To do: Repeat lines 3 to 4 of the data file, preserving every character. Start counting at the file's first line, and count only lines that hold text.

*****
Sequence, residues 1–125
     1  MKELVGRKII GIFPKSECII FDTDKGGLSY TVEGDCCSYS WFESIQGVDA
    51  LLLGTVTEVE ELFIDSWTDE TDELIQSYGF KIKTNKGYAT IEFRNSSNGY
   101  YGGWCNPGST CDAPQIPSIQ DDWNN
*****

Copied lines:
    51  LLLGTVTEVE ELFIDSWTDE TDELIQSYGF KIKTNKGYAT IEFRNSSNGY
   101  YGGWCNPGST CDAPQIPSIQ DDWNN